Basics Of Digital SLR Cameras For Beginners
Digital cameras come in all colors and shapes today, but a serious photographer may feel himself drawn to the Digital Single Lens Reflex, or DSLR. This type of camera functions much the way the older film SLRs did, allowing you to control the aperture and the shutter speed, giving you a place to seat a flash, even choose the “film speed.”
When I teach a photography class, my students are most often stumped by the aperture settings. The aperture allows you to set the depth of field and is usually the option on your camera that says “Av” (note that not all cameras are the same, so you’ll want to read the manual when you get a new camera!) On this setting, your camera will automatically adjust the shutter speed to compensate for your manual aperture setting. The actual hole in your lens will open wider the lower you set your aperture number, and the depth of field will become smaller. For instance, you can set your aperture so everything that is between 5 and 15 feet away from your camera will be in focus, but everything else will be blurred. You can also set it to Infinity, which is a figure-8 shape on its side, and everything your camera sees will be in focus.
The shutter speed works in tandem with the aperture. After all, if the opening of the lens is small, that means less light is getting to your image-making mechanism, so you’ll need to leave the shutter open for a little longer to get the correct amount of light for a correctly-exposed picture. This setting is usually on the dial of your camera as “Tv,” if you just want your camera to adjust its aperture setting to compensate for your manual shutter speed setting. The numbers that come up (1/25, 1/40, etc) are fractions of a second, so if you choose 1/40, your shutter will open and close in 1/40th of a second.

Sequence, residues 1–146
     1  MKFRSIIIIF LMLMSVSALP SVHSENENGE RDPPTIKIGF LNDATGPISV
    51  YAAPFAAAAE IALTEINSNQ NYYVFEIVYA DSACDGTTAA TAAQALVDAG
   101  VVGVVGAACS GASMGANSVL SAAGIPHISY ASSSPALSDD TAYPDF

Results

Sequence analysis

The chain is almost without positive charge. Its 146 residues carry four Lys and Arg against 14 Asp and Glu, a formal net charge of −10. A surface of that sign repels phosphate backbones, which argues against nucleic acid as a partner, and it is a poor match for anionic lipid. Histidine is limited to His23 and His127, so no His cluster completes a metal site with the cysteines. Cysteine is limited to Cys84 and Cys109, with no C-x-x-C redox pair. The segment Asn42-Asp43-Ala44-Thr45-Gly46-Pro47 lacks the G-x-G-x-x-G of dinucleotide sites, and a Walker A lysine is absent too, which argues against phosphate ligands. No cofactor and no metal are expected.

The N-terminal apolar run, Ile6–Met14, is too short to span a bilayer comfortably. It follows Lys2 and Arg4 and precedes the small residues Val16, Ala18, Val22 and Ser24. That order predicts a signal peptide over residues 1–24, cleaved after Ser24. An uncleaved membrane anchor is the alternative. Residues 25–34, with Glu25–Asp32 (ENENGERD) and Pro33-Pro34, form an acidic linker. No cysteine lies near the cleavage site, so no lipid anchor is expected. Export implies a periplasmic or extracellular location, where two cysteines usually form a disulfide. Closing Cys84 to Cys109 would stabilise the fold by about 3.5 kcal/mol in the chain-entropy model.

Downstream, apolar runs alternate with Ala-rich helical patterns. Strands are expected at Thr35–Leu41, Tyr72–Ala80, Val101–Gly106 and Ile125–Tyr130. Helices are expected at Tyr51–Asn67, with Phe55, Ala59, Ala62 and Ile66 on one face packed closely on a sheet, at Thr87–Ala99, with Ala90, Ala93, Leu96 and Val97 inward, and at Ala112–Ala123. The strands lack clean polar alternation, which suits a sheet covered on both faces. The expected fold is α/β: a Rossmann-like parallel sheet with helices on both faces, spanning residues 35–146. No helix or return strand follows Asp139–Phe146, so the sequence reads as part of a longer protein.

Advanced photography methods, such as changing the texture of rushing water, is achieved by slowing down the shutter speed so the water blurs, or making the shutter speed faster to catch individual drops in the air.
You may be wondering why your camera has a film speed setting, when there’s no actual film in the camera. The higher the number you set this film speed for, the faster your camera will be prepared to shoot. An ISO of 100 is better for shooting indoor, well-lit shots and stills, while the 400 ISO is better for fast movement and sports.
Or, you can forget all the complicated stuff and just set your camera to Auto, which will allow it to choose the correct aperture and shutter speed for the conditions. Since you’re not wasting paper with bad prints, though, why not do a little experimentation with the settings? After all, you get to see the picture on the screen before it’s printed! Choosing your best shot for a gift or even for yourself can be a lot of fun, especially if you do something unexpected with it like have it mounted on bamboo, aluminum, acrylic, or gator foam with Bumblejax!
Learning the functions of your camera will make you a better photographer, and digital SLRs make it easy!
Brooke Pierce is a professional photographer and guest author for BumbleJax.